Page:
Service Broker is a new technology introduced in SQL Server 2005 that brings asynchronous messaging services closer to the database engine, allowing you to build reliable, asynchronous queued database applications. A message can originate at one instance and can possibly be received at another SQL Server 2005 instance. The security features in Service Broker guarantee that the conversation is secure and that the unauthorized databases are not able to send Service Broker messages.
When you create an endpoint to be used for Service Broker communication, the default value for the ENCRYPTION option is REQUIRED, which indicates that endpoint must use encryption. Therefore, to connect to this endpoint, another endpoint must have ENCRYPTION set to either SUPPORTED or REQUIRED. The Service Broker transport authentication can be based on certificates or SSPI.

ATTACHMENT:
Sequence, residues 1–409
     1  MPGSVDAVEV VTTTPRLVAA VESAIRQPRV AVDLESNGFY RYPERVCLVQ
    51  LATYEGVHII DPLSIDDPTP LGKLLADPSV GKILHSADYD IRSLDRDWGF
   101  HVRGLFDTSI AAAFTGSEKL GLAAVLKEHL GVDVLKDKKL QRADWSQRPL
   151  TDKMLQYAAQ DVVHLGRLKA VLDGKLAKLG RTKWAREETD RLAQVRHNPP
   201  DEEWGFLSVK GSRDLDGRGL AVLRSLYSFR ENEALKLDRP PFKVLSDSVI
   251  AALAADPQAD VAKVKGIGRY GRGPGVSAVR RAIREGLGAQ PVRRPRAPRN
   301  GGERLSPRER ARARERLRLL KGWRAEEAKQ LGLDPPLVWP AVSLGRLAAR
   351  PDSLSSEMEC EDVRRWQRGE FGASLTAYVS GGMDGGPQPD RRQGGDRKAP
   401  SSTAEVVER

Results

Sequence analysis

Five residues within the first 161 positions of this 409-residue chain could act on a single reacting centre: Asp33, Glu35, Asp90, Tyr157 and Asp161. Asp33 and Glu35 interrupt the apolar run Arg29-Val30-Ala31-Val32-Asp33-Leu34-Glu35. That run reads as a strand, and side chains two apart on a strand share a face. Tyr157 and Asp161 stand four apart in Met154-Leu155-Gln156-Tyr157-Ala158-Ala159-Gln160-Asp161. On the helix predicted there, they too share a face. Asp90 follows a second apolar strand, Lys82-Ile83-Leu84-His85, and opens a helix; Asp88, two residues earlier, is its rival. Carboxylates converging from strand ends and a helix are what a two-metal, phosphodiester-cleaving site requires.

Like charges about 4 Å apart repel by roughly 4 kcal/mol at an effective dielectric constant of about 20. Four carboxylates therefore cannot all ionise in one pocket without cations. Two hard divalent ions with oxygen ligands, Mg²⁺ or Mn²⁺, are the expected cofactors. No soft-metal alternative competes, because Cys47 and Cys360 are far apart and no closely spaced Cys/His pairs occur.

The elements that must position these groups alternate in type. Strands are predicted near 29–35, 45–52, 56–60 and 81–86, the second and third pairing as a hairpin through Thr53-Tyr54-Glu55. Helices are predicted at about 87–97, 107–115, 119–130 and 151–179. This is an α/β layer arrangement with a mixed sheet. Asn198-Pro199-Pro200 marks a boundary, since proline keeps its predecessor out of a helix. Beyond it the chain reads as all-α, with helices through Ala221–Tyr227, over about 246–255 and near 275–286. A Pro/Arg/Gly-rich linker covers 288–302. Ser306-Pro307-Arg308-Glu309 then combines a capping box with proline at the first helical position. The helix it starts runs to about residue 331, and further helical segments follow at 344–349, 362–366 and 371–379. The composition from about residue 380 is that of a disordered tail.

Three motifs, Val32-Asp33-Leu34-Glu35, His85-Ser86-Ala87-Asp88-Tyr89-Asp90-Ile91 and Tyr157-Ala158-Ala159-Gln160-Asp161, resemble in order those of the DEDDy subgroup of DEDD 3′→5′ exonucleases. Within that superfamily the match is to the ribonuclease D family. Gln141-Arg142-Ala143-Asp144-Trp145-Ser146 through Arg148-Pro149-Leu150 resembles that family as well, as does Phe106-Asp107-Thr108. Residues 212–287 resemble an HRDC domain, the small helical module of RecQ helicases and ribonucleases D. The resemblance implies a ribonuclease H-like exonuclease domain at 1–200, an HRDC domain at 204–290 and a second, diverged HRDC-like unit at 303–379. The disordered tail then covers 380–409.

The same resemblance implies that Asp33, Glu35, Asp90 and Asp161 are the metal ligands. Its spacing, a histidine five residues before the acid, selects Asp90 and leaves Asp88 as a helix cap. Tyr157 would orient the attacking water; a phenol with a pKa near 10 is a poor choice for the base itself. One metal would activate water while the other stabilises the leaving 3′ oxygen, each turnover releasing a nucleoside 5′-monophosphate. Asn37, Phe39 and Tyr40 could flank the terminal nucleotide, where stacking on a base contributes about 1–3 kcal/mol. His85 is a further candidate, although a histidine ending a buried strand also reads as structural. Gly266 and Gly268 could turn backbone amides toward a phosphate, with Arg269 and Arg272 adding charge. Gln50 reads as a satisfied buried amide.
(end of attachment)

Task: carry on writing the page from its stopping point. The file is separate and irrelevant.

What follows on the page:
Service Broker security is based on certificates. A certificate is used to verify the identity of a remote database and to identify the local database principal for the operation. Service Broker uses the public key associated with the local database principal to decrypt the information received from the remote server. If it is able to decrypt the information, the remote database contains the private key that corresponds to the public key in the local certificate associated with the principal. After this verification, the remote database can act with the permissions of the local database principal that owns the certificate that contains the public key for the remote database.
SQL Server Service Broker and its security features are described in Chapter 14.